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Maxwell Stem, Grace Boynton, Ashley Thompson, Naheed W Khan, Gregory R Jackson, Rodica Pop-Busui, Thomas W Gardner; Inner retinal sensory neuropathy in persons with type 1 diabetes mellitus. Invest. Ophthalmol. Vis. Sci. 2014;55(13):4426. doi: https://doi.org/.
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© ARVO (1962-2015); The Authors (2016-present)
To quantify differences in inner and outer retinal function between patients with type 1 diabetes mellitus (T1DM) with no to minimal diabetic retinopathy (DR) and healthy controls
In this cross-sectional pilot study, we examined 29 adults with T1DM and no to minimal DR and 25 age-matched healthy controls. Participants underwent a complete ocular examination, measurement of best-corrected visual acuity, and fundus photography for retinopathy grading. The right eye was arbitrarily chosen as the study eye. Contrast sensitivity testing, frequency doubling technology (FDT) perimetry, and the amplitude of the scotopic threshold response (STR) on electroretinography (ERG) were used to assess inner retinal function. Outer retinal function was assessed with dark adaptation testing. Parametric tests were used to analyze normally distributed variables, and non-parametric tests were used to evaluate non-normally distributed variables. Subgroup analyses were performed for T1DM participants with > and ≤ 15 years duration of diabetes.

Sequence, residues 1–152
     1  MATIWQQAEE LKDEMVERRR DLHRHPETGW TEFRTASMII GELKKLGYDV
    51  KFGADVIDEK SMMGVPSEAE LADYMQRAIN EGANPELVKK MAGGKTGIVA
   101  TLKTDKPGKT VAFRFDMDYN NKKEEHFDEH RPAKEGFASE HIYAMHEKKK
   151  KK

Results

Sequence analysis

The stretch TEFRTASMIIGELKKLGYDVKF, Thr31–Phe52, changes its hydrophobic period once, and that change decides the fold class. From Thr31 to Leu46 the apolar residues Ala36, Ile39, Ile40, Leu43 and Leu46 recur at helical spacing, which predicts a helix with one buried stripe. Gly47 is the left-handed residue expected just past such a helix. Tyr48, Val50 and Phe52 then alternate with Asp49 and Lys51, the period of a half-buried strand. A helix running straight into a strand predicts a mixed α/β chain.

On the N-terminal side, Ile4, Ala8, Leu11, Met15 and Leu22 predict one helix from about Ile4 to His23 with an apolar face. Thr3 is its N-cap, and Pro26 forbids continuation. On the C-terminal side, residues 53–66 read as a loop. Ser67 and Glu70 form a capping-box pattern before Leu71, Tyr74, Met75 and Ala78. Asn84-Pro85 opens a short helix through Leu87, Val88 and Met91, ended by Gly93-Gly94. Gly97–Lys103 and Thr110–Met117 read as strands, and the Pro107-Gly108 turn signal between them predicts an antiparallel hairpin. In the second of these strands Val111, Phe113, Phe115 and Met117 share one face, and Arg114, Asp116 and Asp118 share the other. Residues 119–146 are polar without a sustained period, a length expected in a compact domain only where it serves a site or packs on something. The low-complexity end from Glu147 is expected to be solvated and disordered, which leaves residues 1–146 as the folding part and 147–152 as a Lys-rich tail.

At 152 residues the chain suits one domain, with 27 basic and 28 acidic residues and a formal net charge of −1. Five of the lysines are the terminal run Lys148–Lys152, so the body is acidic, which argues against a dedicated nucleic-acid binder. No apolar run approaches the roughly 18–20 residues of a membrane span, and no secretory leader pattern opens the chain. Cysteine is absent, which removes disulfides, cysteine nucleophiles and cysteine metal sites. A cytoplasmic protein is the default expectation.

15 T1DM participants (52%) had no retinopathy, 11 (38%) had mild retinopathy, and 3 (10%) had moderate retinopathy. FDT mean deviation (MD) was significantly reduced in T1DM patients (MD ± SD = -1.49 ± 3.09 decibels (dB)) relative to controls (0.11 ± 3.44 dB) (p=0.026). Similarly, patients with T1DM exhibited a significant reduction in log contrast sensitivity (1.65 ± 0.08) compared to healthy controls (1.79 ± 0.13) (p<0.001). Individuals with T1DM for > 15 years (n=11) had significantly reduced STR amplitudes (3.8 ± 3.9 microvolts) vs. controls (9.2 ± 4.8 microvolts) (p=0.036), while STR amplitudes were similar between individuals with T1DM ≤ 15 and controls (p=0.37). There were no differences in dark adaptation between controls and any of the patients with T1DM (p=0.42).
These data suggest that patients with T1DM may exhibit an inner retinal sensory neuropathy as assessed by electrophysiologic and psychophysical tests in spite of having no to minimal DR. Further studies in a larger cohort are ongoing to understand how such retinal dysfunction might progress over time and to identify new means to prevent vision loss in patients with T1DM.
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